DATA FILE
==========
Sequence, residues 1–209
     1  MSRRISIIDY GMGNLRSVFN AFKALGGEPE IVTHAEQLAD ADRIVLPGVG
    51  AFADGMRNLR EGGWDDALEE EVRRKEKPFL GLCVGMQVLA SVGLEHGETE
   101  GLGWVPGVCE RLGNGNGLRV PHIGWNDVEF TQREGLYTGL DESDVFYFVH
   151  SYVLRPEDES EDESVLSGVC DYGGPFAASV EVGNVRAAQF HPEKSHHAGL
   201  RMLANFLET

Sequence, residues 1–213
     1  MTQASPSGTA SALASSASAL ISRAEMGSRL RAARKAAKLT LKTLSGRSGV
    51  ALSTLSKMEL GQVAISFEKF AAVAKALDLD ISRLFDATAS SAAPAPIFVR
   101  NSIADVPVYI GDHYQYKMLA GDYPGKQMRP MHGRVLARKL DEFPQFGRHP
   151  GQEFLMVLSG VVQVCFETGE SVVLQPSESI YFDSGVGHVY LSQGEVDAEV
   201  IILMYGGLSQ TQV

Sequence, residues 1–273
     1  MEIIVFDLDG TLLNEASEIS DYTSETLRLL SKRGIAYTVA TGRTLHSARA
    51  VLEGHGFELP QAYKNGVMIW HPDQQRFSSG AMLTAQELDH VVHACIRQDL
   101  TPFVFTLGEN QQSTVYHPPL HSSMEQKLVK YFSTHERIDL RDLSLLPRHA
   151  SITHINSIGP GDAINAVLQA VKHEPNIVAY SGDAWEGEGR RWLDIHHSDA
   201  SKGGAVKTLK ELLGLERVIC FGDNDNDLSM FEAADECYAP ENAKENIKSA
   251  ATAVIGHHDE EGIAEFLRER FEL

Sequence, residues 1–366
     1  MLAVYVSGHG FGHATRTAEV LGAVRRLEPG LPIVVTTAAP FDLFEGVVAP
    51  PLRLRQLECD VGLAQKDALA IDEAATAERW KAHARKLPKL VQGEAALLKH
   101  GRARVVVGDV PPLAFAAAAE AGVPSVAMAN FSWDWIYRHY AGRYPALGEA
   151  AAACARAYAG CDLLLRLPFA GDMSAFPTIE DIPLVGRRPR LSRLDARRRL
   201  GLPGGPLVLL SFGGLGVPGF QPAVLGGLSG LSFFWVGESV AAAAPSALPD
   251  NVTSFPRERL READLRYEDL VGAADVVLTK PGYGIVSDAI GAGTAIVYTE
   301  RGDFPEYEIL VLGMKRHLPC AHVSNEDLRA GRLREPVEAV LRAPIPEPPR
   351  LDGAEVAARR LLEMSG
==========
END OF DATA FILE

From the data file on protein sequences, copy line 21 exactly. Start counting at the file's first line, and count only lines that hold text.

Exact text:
     1  MLAVYVSGHG FGHATRTAEV LGAVRRLEPG LPIVVTTAAP FDLFEGVVAP